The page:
The follow up paper describing my recently completed preservation project, is now ready for submission to the Digital Preservation Coalition (DPC). I’m hoping that, since they published my paper describing how I derived the Preservation Planning Templates in the first place, they might be interested in taking a paper describing how they have been used in practice. We’ll see. In any case it’s good to have been able to create a summarised account of what happened while its fresh in my mind.
Writing the first draft of the paper only took about a week. However, that piece of work made me realise that the details of what got done when, appears in five main documents – the paper I was writing, the Scoping document, the Plan DESCRIPTION, the Plan CHART, and section 2 of the Preservation Maintenance Plan (Previous preservation actions taken); and that the base data for all these documents was being derived from the three major controls sheets – the DROID analysis spreadsheet, the Files-that-won’t-open spreadsheet, and the Physical Disks spreadsheet. Although the facts were roughly consistent across the documents, there were several anomalies that would be apparent to readers, and the sheer number of files and types of conversions that had been performed made it difficult to check and make revisions. I decided that the only way to achieve true consistency and traceability across all the documents would be to specify columns in the control spreadsheets for all the categories I wanted to describe, and to have the spreadsheets add up the counts automatically. This is what I spent the following two weeks doing – and a very slow and tortuous exercise it was. Which is why the paper makes several mentions of the need to set up control sheets correctly in the first place to facilitate downstream needs for control and for statistical information about what’s been done….
I was given a lot of very useful feedback on the drafts of the paper by Ross Spencer, including suggestions to include a summary timeline for the project at the beginning of the paper, to provide more details about the DROID tool, and to include some additional references. Ross also advised making it clear that this is a personal collection with preservation decisions being made that the owners were comfortable with; and that different decisions might have been made by other people from the perspective of who the future users of the Collection might be. This prompted me to include an extra paragraph in the Conclusions section to the effect that no attempt has been made to convert some files (such as old versions of the Indexing software, or a Visio stencil file) because they don’t have content and their mere presence in the collection tell their own story. However, it’s got me thinking that there is a wider point here about what collections are for, and just how much detail of the digital form needs to be preserved. I’ll probably explore this issue further in the Personal Document Management topic in this Blog.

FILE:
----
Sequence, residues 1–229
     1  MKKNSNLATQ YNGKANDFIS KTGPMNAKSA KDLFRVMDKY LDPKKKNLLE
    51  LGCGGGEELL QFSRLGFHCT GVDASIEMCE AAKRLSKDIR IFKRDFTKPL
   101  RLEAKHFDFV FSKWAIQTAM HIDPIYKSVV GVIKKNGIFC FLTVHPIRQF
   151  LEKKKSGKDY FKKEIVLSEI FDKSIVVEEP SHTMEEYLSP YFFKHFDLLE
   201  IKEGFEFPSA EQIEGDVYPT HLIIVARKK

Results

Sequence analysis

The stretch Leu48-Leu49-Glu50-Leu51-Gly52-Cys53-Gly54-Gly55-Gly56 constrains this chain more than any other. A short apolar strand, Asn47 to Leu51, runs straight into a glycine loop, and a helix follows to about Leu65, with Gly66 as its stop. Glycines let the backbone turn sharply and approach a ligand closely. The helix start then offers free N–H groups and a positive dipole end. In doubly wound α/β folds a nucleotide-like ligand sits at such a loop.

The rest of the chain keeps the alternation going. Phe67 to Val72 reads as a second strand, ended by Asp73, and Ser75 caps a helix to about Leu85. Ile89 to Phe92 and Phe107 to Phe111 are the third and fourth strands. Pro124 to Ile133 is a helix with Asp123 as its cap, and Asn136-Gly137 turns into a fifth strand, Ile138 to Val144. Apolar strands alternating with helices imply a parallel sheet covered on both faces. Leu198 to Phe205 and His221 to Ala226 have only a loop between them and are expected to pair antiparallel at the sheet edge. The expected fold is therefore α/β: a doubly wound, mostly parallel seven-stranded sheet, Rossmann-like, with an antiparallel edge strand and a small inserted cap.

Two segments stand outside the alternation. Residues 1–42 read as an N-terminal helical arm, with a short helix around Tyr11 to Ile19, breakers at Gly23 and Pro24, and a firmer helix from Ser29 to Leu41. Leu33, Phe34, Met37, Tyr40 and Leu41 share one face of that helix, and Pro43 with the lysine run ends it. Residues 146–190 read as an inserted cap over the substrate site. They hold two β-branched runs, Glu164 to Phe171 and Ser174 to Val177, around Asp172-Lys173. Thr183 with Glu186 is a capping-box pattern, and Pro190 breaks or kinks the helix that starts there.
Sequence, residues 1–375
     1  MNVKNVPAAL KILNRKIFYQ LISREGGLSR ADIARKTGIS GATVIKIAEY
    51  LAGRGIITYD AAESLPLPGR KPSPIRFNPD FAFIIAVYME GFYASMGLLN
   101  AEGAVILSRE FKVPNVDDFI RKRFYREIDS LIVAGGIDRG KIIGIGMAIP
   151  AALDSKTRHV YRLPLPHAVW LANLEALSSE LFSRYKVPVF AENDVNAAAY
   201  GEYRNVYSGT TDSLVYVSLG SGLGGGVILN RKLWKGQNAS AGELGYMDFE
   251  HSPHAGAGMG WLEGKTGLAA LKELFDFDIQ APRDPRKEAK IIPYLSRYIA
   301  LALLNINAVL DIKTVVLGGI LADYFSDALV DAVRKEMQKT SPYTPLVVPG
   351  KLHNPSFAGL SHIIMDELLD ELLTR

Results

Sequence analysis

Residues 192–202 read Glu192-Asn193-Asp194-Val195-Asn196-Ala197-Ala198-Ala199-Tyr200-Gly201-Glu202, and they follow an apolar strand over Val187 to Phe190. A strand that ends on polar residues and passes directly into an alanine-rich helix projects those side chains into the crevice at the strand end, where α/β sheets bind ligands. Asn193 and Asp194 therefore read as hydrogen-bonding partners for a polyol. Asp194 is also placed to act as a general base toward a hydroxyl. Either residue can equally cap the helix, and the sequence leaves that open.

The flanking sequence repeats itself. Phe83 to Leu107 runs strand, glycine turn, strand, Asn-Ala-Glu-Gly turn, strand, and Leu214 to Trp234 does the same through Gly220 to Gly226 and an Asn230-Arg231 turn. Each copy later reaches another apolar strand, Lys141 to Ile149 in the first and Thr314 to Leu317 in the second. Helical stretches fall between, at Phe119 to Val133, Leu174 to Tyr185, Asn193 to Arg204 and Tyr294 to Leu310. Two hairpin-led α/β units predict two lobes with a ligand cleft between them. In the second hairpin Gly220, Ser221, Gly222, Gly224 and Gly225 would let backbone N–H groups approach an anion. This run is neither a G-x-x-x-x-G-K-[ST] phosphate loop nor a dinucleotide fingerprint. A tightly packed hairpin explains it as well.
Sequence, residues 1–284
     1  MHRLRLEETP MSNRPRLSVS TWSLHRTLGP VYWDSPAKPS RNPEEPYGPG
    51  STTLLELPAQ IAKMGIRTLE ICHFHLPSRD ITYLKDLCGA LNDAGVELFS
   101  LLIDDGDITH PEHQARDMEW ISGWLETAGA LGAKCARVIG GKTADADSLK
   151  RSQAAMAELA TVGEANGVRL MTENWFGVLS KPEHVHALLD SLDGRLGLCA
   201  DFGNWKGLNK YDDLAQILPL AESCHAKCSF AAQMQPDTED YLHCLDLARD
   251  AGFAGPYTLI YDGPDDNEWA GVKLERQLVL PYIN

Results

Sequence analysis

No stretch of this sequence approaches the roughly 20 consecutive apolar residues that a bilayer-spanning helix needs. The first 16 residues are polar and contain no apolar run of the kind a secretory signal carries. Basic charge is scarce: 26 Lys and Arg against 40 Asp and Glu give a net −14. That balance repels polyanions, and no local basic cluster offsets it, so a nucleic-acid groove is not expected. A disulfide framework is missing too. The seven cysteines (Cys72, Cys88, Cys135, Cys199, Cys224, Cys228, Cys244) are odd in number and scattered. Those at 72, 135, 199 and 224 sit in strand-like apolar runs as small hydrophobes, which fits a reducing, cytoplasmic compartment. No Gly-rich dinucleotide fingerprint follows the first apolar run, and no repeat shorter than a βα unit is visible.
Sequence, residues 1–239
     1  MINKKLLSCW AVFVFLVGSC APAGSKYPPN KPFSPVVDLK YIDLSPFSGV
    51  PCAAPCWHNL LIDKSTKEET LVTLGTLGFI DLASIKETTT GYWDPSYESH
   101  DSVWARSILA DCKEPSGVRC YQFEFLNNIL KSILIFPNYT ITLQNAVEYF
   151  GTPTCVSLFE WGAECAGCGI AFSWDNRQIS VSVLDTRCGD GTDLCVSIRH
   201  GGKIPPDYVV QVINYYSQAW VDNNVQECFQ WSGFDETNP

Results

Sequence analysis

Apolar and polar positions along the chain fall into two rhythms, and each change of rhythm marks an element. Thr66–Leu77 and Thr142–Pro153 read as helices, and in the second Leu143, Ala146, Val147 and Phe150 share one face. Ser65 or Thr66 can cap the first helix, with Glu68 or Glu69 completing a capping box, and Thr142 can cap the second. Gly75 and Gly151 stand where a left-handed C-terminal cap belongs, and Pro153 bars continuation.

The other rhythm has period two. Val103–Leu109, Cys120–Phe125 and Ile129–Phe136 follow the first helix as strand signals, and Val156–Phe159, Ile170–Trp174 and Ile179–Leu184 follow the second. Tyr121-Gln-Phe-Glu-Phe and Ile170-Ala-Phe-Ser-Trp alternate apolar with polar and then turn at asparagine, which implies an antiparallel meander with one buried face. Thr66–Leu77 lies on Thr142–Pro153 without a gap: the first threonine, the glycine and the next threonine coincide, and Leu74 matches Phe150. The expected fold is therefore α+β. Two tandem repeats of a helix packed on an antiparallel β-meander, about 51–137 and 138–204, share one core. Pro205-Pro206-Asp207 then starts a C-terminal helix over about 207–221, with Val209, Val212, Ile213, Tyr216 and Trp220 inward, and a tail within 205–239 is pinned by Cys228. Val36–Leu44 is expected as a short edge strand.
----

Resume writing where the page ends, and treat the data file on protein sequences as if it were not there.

Writing the paper also prompted me to realise that, unfortunately, my Digital Preservation Journey can’t be completed until I’ve tested out the application of a Preservation Maintenance Plan. It’s one thing to fill in a Maintenance Plan (which was relatively quick and easy), but quite another to have it initiate and direct a full blown Preservation project. Only by using it in practice will it be known if it is an effective and useful tool; and, no doubt, its use will lead to some refinements being made to its contents. I shall explore whether I could use the Maintenance Plans I produced for photos and for mementos which were created in the course of the trials conducted when putting together the first versions of the Preservation Planning Templates. If they won’t provide an adequate test, I’ll have to wait until the date specified in the PAWDOC Preservation Maintenance Plan for the next Maintenance exercise – September 2021.